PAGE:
Catalyst membership is a high-value partnership that gives your organization—and various stakeholders within it—access to a variety of indispensable benefits. To help you build an inclusive workplace, Catalyst will provide innovative research, the tools to make change, examples of successful initiatives, networking and knowledge-sharing events, a powerful array of services, and access to the unique Catalyst community of leaders committed to expanding opportunities for women and business.

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Women's Studies Research Center

The Women’s Studies Research Center (WSRC) at Brandeis University is happy to celebrate its 10 Year Anniversary in 2012! We have a fantastic new video showcasing our Scholars and their work over this past decade, created by Scholar Ornit Barkai.
 
The WSRC is an innovative, interdisciplinary research facility of scholars, students and faculty who study gender issues and women's lives. 

Contact

515 South Street
Waltham, MA 02453
Ph. (781) 736-8100
Fx. (781) 736-8117
http://www.brandeis.edu/centers/wsrc
jparlon@brandeis.edu
reinharz@brandeis.edu

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Principal Staff

Shulamit Reinharz, Founding Director
E-mail: reinharz@brandeis.edu

Kayla Hammond Larkin, Assistant to Shulamit Reinharz, National Coordinator for HBI Conversations

Sarah JM Hough-Napierata, Assistant Director
E-mail: shough@brandeis.edu

Rosa Di Virgilio Taormina, Scholars Program Director
E-mail: rdivir@brandeis.edu

Michele L'Heureux, Curator and Director of the Arts
E-mail: mlheur@brandeis.edu

Kristen Mullin, Student Scholar Partnership Program Coordinator
E-mail: mullin@brandeis.edu
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Featured Events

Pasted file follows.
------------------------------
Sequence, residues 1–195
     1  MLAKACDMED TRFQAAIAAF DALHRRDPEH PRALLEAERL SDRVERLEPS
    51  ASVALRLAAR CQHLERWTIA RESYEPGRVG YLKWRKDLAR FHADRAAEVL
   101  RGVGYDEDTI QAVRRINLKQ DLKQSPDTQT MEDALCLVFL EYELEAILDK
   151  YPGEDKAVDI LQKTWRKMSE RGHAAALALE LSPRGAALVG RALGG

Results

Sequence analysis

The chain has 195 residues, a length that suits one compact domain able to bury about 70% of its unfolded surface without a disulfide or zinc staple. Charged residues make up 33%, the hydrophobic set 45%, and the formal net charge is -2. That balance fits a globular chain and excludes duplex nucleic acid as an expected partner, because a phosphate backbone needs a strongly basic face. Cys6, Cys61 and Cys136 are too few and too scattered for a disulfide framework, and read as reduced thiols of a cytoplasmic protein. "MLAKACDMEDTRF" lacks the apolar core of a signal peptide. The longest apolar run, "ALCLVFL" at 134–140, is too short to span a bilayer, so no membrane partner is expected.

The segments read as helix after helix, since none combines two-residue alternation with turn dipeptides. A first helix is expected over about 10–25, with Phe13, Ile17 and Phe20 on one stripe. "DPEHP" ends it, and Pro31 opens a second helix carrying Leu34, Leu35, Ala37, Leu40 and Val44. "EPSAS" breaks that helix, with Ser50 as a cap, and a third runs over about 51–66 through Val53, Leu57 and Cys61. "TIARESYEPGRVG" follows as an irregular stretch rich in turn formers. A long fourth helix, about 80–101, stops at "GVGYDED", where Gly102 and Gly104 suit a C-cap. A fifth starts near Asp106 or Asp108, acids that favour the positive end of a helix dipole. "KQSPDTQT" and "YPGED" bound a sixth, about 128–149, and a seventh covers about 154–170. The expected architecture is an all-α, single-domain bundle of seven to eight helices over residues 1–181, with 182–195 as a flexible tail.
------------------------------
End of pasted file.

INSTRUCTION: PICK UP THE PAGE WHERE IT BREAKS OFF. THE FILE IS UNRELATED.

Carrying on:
Employment Opportunities

Projects & Campaigns

The Arts Program

The Arts Program at the Women's Studies Research Center is home to the Kniznick Gallery (Est. 2001). The Kniznick Gallery is committed to feminist exhibitions of artistic excellence that reflect the activities of the Women's Studies Research Center Scholars and engage communities within and beyond Brandeis University. The art on display is a vehicle through which the Center seeks to promote dialogue about important issues and address the ever-changing challenges related to women and gender.

 
 
The National Initiative on Gender, Culture and Leadership in Medicine known as “C - Change” (for culture - change) engages medical schools in action research with Brandeis University to facilitate culture change so that all faculty members can contribute fully. C - Change has generated substantial qualitative and quantitative data on the culture of academic medicine.  These data have been used by the medical schools partnering in the C - Change Learning Action Network, and by additional schools, and have contributed to innovations and culture change initiatives to realize the potential of all faculty.
 
 
Founded and directed by WSRC Scholar Paula Doress-Worters, the Ernestine Rose Society works to revive the legacy of "America's first feminist leader." Recognizing Ernestine Rose's pioneering role in the first wave of feminism, the society is committed to raising awareness about Ernestine, who did so much to promote women's rights in the United States and internationally.